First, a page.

The French Quarter of New Orleans usually gets most of the attention for its architecture, stylish balconies and lively street life, but a small neighborhood just east of the Quarter has a selection of some of the best Creole and Classic Revival cottages in New Orleans. In addition, many of them are tiny.
My husband and I recently went to New Orleans to visit with family and we rented a small apartment in the Fauborg Marigny area of the city. It’s only a few blocks from the French Quarter, but it feels like a different city altogether. The vibe is more historical and bohemian and less touristy and Bourbon Street-y. The main road is Frenchman, which is called the “local’s Bourbon Street”, and is known for its great restaurants, coffee shops and jazz clubs. Because the neighborhood is on higher ground, it escaped the worst of the Katrina flooding. Continue Reading »
Micro-lofts and Housing Affordability
Burns Block is an innovative market rental housing project built by Vancouver companies Reliance Properties and ITC Construction Group. Located at the site of the historic Burns Block in the Gastown neighborhood of the Downtown Eastside, the building dates back 100 years and is on the Vancouver Heritage Register. The building features 30 self-contained affordable furnished market rental suites or “micro-lofts.” Suites range from 226 – 291 sq. ft., making them the smallest in Canada. The spatially-efficient design contains built-in, pull-down wall beds with integrated folding tables, flat screen televisions, compact appliances, ample storage and built-in safes for storing valuables. Typical rental value for each suite is $850 per month, including cable and Internet, and starts as low as $760 per month. The building is 18,000 sq. ft and has five floors. The majority of occupants are between the ages of 25 and 35 and include students and those working in the heart of the downtown area.
While the former use of Burns Block was for a Single Room Occupancy hotel (SRO) with shared facilities, suites in the redeveloped building each contain a “wet” bathroom and full kitchen. The building also features a rooftop garden, basement gym, bicycle storage and several environmentally-friendly elements. The Bitter Tasting Room, owned by Heather Hospitality Group, is conveniently located on the ground floor of the building, which also includes 1,421 sq. ft. of future retail space. Continue Reading »
Kirsten Dirksen from faircompanies.com just sent me a new video she produced about a transformable tiny apartment in Barcelona.
When Christian Schallert isn’t cooking, dressing, sleeping or eating, his 258 square foot apartment is an empty cube. To use a piece of furniture, he has to build it.
If Christian wants to sleep, he rolls his bed out from under the balcony, his stairs then become bedside tables and he can even swing a TV out from the wall.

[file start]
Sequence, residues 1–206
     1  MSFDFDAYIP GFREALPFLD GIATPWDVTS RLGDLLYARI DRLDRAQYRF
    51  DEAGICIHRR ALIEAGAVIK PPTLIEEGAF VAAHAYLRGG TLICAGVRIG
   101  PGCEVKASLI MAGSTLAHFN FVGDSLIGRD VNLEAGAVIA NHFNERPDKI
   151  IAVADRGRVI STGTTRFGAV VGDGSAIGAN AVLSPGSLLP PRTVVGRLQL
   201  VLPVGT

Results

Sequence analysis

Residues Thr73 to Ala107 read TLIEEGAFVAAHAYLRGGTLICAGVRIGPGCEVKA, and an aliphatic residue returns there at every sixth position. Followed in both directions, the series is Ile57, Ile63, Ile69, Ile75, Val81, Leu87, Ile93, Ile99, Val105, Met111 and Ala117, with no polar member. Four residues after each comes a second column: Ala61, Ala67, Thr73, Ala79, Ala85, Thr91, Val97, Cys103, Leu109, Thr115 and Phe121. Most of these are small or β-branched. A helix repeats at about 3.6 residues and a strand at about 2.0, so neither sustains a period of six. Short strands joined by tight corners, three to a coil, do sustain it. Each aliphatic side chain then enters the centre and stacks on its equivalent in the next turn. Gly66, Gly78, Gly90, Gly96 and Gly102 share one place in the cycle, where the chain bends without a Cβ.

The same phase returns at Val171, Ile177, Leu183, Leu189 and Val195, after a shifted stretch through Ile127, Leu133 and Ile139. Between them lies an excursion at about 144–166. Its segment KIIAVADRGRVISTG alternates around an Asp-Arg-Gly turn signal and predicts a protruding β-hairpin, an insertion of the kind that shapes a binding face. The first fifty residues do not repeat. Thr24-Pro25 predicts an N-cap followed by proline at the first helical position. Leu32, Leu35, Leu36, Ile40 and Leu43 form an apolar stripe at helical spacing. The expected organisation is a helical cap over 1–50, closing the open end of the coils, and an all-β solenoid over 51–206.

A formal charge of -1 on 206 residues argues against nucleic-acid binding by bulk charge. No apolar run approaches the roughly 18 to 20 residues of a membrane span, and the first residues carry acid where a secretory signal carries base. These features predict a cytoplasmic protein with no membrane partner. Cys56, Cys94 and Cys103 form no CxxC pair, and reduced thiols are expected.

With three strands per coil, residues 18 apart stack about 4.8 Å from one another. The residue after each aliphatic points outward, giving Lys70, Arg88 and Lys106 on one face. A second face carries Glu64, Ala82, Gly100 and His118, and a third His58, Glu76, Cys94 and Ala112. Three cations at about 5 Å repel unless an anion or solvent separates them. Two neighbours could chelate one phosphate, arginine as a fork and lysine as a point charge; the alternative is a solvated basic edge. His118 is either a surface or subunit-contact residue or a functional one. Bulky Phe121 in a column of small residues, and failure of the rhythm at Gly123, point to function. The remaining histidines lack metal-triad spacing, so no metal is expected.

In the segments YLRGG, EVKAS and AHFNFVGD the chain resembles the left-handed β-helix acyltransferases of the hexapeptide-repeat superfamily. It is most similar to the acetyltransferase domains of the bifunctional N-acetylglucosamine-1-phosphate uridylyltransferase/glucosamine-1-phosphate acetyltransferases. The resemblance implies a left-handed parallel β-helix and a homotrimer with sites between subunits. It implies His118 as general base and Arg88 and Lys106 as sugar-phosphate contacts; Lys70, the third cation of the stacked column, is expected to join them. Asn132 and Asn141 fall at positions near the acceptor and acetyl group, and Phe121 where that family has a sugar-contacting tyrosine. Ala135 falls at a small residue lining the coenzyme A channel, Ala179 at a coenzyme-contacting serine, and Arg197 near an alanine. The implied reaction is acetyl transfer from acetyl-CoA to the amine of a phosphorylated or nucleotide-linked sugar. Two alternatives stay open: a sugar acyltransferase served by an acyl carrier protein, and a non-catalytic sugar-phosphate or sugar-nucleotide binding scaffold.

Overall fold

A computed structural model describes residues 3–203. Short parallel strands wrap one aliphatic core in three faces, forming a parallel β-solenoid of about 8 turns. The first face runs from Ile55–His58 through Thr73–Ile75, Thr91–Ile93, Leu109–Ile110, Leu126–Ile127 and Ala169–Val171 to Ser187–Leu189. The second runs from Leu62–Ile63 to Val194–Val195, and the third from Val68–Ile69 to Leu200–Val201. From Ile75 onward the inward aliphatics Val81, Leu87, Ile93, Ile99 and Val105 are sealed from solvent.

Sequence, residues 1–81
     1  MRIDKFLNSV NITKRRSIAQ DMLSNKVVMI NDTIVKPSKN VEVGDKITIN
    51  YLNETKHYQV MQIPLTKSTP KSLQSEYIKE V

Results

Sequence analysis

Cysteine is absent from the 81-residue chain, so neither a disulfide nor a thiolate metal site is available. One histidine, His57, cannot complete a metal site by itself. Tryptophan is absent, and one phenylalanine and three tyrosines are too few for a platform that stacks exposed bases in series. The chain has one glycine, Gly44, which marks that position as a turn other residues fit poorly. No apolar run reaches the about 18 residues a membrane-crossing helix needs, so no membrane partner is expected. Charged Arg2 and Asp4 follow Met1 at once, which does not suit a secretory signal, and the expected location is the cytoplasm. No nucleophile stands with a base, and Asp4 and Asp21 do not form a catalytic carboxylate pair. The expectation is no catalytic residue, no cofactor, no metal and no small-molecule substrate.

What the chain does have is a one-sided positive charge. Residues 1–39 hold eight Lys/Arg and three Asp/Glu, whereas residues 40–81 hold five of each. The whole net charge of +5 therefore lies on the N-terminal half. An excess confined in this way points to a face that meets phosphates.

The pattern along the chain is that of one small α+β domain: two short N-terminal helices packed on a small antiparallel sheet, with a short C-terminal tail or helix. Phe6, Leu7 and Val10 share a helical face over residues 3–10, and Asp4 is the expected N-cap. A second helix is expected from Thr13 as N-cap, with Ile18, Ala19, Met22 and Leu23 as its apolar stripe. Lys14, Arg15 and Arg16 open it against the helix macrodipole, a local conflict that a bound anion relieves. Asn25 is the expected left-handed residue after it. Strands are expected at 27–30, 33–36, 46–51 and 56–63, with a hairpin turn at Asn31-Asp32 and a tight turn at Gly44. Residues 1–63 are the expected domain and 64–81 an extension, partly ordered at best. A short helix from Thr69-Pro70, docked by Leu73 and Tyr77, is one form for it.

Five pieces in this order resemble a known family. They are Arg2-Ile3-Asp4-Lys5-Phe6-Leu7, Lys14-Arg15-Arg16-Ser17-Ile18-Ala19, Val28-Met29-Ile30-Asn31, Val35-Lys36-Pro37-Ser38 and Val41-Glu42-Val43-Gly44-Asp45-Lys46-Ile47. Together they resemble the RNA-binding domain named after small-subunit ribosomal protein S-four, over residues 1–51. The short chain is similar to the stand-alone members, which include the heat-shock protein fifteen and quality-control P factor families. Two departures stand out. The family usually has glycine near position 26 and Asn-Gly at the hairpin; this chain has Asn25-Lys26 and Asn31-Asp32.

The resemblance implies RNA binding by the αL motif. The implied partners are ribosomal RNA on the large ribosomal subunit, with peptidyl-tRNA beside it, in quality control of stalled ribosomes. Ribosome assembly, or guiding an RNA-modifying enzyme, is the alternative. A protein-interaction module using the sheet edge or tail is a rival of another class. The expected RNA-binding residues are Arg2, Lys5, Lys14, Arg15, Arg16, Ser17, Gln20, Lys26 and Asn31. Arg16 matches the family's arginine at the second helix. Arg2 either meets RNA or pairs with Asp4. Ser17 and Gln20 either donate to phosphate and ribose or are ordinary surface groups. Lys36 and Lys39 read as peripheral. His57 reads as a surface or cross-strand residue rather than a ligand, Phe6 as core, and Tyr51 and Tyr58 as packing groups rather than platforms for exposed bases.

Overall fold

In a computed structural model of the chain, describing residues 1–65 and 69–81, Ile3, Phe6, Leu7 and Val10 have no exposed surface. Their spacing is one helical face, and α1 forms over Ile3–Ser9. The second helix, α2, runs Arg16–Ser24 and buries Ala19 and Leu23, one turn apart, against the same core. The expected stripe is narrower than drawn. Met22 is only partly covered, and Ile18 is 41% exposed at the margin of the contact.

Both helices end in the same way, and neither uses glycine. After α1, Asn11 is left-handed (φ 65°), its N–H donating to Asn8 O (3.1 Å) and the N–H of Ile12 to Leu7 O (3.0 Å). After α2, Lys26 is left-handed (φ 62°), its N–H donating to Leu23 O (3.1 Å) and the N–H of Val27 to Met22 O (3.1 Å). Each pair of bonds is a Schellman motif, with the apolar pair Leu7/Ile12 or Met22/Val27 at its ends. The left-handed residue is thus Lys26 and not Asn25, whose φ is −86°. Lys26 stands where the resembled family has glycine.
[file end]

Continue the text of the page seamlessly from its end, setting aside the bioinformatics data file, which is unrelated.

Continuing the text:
When he is ready to dine, he lowers a plank from the wall, turning his flower-stand into a table support and using his stairs as a bench.
When it is time to cook, he clicks a spot on his vast wall of click-able furniture, and a spring-loaded door swings up to reveal an instant kitchen: double-burner, dishwasher, sink, countertop and microwave oven. The full-sized refrigerator and freezer click open just alongside. You really have to know what is behind door number two.
The apartment is located in Barcelona’s hip Born district, the tiny apartment is a remodeled pigeon loft. Christian (a Barcelona-based photographer) says its design was inspired by the space-saving furniture aboard boats, as well as the clean lines of a small Japanese home.
There is definately more work involved in constructing and deconstructing your dining room/kitchen/bedroom every day or meal (one of his friends has dubbed it “G.I. Joe’s flat”), Christian claims it helps keep him in shape.
In the video, Christian shows his lego-style home and invites a few friends over to cook and lunch with him in his small space.
Kirsten Dirksen from faircompanies.com located in Barcelona, Spain contacted me the other day to share some more of her videos. I had posted a couple of her videos about Jenines tiny house and she is sharing a series on tiny spaces with the Tiny House Blog. I have started a new category called Tiny House Video and plan to post these videos on Wednesdays. I will also be adding a new tab in the menu bar called Tiny House Video and you will be able to see all videos posted on the Tiny House Blog there.
Today’s video is about Felice Cohen who lives in a 90 square foot microstudio in Manhattan. By choosing a studio that measures just 12 feet by 7 feet, Felice Cohen can afford to live in Manhattan’s Upper West Side where apartments rent for an average of $3,600 per month. She pays just over $700 for her 90-square-foot microstudio.
“I think a lot of people have a lot of space that they’re not using. I grew up in a place where my bedroom was 17 feet by 17 feet with two walk-in closets that combined where almost the size of this apartment that when I go home now I go in the closet just to feel like I’m back in New York.”
Video via faircompanies.com